LO 7.1: Describe how equity correlations and correlation volatilities behave

LO 7.1: Describe how equity correlations and correlation volatilities behave throughout various economic states.
The recent financial crisis of 2007 provided new information on how correlation changes during different economic states. From 1972 to 2012, an empirical investigation on correlations of the 30 common stocks of the Dow Jones Industrial Average (Dow) was conducted. The correlation statistic was used to create a 30 x 30 correlation matrix for each stock in the Dow every month. This required 900 correlation calculations (30 x 30 = 900). There were 490 months in the study, so 441,000 monthly correlations were computed (900 x 490 = 441,000). However, the correlations of each stock with itself were eliminated from the study resulting in a total of 426,300 monthly correlations (441,000 30 x 490 = 426,300).
The average correlation values were compared for three states of the U.S. economy based on gross domestic product (GDP) growth rates. The state of the economy was defined as an expansionary period when GDP was greater than 3.3%, a normal economic period when GDP was between 0% and 3.3%, and a recession when there were two consecutive quarters of negative growth rates. Based on these definitions, from 1972 to 2012 there were six recessions, five expansionary periods, and five normal periods.
The average monthly correlation and correlation volatilities were then compared for each state of the economy. Correlation levels during a recession, normal period, and expansionary period were 37.0%, 32.7%, and 27.5%, respectively. Thus, as expected, correlations were highest during recessions when common stocks in equity markets tend to go down together. The low correlation levels during an expansionary period suggest common stock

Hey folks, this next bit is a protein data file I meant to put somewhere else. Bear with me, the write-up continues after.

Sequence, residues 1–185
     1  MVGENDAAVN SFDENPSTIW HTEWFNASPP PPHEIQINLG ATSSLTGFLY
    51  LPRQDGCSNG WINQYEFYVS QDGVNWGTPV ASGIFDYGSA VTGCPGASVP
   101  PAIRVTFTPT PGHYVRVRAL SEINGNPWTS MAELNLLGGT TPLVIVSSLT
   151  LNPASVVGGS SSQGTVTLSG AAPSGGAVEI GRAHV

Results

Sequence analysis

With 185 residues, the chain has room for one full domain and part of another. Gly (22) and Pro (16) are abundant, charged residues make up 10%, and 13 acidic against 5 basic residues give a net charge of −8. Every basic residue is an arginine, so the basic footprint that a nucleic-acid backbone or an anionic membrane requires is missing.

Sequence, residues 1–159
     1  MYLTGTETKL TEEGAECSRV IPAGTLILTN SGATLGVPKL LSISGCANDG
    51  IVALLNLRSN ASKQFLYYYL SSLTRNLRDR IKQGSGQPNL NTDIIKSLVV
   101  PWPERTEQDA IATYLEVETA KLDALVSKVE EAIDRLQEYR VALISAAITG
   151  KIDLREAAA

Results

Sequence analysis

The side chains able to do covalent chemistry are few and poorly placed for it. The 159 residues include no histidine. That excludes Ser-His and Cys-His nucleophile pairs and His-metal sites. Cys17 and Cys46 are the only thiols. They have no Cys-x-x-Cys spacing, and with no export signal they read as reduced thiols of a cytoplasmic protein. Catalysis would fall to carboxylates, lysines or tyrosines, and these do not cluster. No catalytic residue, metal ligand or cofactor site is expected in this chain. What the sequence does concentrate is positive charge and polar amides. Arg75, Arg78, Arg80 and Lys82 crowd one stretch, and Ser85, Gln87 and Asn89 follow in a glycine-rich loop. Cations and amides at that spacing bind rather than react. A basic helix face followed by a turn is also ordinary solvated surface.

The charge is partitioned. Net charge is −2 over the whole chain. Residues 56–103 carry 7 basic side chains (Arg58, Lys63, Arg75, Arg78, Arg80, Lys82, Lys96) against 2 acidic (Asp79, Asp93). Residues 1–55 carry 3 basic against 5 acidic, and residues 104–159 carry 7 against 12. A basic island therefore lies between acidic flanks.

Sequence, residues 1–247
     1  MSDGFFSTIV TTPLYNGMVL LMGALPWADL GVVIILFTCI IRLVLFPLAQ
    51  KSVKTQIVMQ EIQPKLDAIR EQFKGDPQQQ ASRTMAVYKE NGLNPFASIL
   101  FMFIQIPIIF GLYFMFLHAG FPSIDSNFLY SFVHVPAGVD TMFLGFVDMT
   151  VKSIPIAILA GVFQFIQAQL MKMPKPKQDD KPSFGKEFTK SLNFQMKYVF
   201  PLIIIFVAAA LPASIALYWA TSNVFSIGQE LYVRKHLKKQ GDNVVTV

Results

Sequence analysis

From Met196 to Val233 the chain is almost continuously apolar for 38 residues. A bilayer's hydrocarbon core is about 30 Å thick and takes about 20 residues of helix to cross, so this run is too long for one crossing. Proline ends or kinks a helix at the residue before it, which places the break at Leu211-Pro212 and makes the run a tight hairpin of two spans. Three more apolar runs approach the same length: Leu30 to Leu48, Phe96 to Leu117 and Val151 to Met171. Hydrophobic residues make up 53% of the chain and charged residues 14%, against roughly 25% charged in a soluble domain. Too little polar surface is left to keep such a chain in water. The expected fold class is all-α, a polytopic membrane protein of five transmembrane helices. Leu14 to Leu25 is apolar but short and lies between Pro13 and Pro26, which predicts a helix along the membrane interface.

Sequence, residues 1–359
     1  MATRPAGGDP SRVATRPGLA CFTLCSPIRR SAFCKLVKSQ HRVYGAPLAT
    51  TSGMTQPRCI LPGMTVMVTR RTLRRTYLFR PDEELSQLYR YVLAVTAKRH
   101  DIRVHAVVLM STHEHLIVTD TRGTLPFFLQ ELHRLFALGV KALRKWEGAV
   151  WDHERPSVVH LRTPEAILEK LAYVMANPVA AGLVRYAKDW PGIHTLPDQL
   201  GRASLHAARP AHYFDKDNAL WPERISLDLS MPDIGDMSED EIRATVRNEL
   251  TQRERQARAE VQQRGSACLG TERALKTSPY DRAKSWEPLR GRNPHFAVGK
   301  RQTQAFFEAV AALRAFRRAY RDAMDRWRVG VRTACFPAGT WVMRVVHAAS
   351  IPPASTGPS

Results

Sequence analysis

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Topic 7 Cross Reference to GARP Assigned Reading – Meissner, Chapter 2
valuations are determined more on industry and company-specific information rather than macroeconomic factors.
The correlation volatilities during a recession, normal period, and expansionary period were 80.5%, 83.4%, and 71.2%, respectively. These results may seem a little surprising at first as one may expect volatilities are highest during a recession. However, there is perhaps slightly more uncertainty in a normal economy regarding the overall direction of the stock market. In other words, investors expect stocks to go down during a recession and up during an expansionary period, but they are less certain of direction during normal times, which results in higher correlation volatility.
Professor Note: The main lesson from this portion o f the study is that risk managers should be cognizant o f high correlation and correlation volatility levels during recessions and times o f extreme economic distress when calibrating risk management models.
M e a n R e v e r s i o n a n d A u t o c o r r e l a t i o n

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